Readers comment on MOC, ureteral injury, nonimmune hydrops fetalis
[Regarding “The top 5 challenges physicians face in 2015,” January 2015 Contemporary OB/GYN]:
Many practicing physicians are becoming angered over MOC, finding it not beneficial to their individual practices and quite burdensome. Properly done scientific studies have never proven MOC to improve the quality of care.1
Shouldn't MOC have been scientifically tested prior to its mandate? I am quite worried that MOC is damaging camaraderie in the House of Medicine especially in my field of ob/gyn.
In Los Angeles we are seeing dramatic drop-offs in attendance at our grand rounds, local meetings, and academic symposia. The hours that the non-grandfathered physicians have to spend to meet MOC requirements and complete their CME, and given the hours that we all work, time to partake in what were once very well-attended, high-quality educational meetings is limited. Analysis of attendance data from ACOG national meetings as well as regional meetings shows dramatic drop-offs. My hypothesis is that this is mostly due to MOC.2,3
Membership in our organizations is also markedly decreased.2,3
As in the Libby Zion case, well-meaning people often institute change that actually is more harmful than beneficial. MOC is one of the ideas that need to be put on hold and further evaluated academically. How many of our departments at our leading teaching hospitals are having a hard time dealing with work-hour limits for their resident staff? How many patients have been injured by hand-offs that would not have occurred if not for work-hour limits?
How do we justify damaging physician collegiality, damaging camaraderie, wasting limited valuable hours, and creating a teach-to-the-test mentality without evidence that MOC improves the quality of healthcare? Everyone agrees that physicians must continue their education. We are never done learning. The debate is whether physicians should determine how and what they learn, or should an outside, self-appointed, self-serving board.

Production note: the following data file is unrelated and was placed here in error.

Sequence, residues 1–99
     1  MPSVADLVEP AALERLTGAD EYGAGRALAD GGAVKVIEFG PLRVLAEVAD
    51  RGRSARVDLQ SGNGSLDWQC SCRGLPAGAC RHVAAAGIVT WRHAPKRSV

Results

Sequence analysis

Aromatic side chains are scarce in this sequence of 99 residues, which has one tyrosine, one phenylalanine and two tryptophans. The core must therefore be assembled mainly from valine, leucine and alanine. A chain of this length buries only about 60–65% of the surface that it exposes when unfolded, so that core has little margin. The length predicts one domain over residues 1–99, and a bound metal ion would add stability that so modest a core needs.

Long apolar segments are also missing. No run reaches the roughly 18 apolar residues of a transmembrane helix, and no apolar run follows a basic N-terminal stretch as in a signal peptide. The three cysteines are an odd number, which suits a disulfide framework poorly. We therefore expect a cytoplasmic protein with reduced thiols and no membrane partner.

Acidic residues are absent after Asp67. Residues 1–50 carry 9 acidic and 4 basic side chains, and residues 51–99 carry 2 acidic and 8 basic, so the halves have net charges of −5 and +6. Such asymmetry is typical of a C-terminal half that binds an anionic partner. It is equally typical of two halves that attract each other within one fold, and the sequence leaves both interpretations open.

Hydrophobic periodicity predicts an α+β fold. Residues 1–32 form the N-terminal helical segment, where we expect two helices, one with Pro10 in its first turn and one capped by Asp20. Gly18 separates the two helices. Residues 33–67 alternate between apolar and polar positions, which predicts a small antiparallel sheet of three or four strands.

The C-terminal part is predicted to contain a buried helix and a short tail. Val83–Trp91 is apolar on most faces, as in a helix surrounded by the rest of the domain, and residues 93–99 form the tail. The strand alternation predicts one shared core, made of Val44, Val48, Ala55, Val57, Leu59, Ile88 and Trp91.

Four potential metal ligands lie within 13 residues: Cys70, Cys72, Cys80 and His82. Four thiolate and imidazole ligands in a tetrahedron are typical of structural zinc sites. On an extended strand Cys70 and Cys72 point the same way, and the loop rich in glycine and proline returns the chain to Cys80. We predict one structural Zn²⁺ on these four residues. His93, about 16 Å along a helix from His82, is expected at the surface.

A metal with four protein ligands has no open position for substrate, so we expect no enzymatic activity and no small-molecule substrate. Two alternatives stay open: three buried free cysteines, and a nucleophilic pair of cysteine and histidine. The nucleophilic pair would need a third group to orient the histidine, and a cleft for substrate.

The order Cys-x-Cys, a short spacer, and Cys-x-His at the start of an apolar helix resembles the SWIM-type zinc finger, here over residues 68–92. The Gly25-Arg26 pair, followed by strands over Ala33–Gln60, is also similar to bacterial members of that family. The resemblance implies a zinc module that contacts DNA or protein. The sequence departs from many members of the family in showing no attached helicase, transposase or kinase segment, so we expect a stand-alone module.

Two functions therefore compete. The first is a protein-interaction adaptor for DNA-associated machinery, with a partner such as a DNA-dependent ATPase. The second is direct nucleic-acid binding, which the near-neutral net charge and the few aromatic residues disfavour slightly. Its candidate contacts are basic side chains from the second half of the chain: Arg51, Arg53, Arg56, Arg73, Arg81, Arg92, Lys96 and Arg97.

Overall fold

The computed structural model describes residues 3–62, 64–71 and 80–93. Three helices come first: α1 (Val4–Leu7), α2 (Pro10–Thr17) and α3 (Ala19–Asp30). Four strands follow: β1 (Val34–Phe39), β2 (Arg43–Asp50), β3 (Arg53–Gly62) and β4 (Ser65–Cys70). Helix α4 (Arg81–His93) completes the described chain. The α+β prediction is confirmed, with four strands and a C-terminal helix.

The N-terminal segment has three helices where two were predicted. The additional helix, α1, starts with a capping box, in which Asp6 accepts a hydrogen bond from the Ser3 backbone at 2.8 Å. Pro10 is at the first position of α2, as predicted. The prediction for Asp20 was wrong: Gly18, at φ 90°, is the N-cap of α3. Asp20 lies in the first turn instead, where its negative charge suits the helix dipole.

As I asked in the February 10, 2012, issue of Medical Economics, why don't lawyers have to be recertified?4 No other profession mandates MOC. It is not required of lawyers, CPAs, dentists, architects, engineers, airline pilots, nurses, or nurse practitioners. Our courts, teeth, buildings, and bridges are not falling apart.
Half of the counties in America do not have one obstetrician to deliver a baby. Perhaps those obstetricians being paid almost $600,000 annually5 (not including other benefits and compensation) to create and administer MOC should leave their ivory towers and actually practice medicine. Perhaps ABOG should take a cue from the ABIM, which recently admitted that they "got it wrong"6,7 and put MOC on hold until well designed scientific studies could demonstrate its effectiveness. Alternatively our subspecialty should find a way to guarantee that all qualified CME is in fact improving the practice of obstetrics and gynecology. The latter scenario should lead to ABOG readdressing MOC, so that it is more in tune with the digital age and not trapped in a one-size-fits-all approach to physician continuing education.
1. Mandel HC. Maintenance of certification. N Engl J Med. 2013;368(13):1262.
2. Personal communication with leadership of the 69th Annual Obstetrical and Gynecological Assembly of Southern California, March 24, 2014.
3. Mandel HC. Recertification and maintenance of certification. Journal of American Physicians and Surgeons. 2011;16(3):65.
4. Mandel HC. Why don’t lawyers have to be recertified? Medical Economics. 2012;
5. Change Board Recertification. The Board’s form 990 income tax returns. http://www.changeboardrecert.com/tax-returns.html. Accessed February 10, 2015.
6. American Board of Internal Medicine. AMB announces immediate changes to MOC program. http://www.abim.org/news/abim-announces-immediate-changes-to-moc-program.aspx. Accessed February 10, 2015.
7. American Board of Internal Medicine. MOC FAQ. http://www.abim.org/maintenance-of-certification/moc-faq/default.aspx. Accessed February 10, 2015.
Howard C. Mandel, MD, FACOG
Los Angeles, California
Thank you for your letter. The article you reference originally appeared in the pages of our sister publication Medical Economics, and your concerns are apparently shared by a number of other commenters on the website MedicalEconomics.ModernMedicine.com .
Some of their comments:
“I am outraged by the unprofessional way that physicians are being treated in my own home country by our own colleagues. MOC has to stop.”
“MOC either has to go completely, or be radically revamped. Fight the power!”
“It will be interesting to see how the future of MOC will look. Right now it is still an ugly duckling.”
“Physicians are no longer afraid to speak their minds about MOC. We are on the right side of the truth here and will not rest until the MOC scam is fully revealed and abolished.”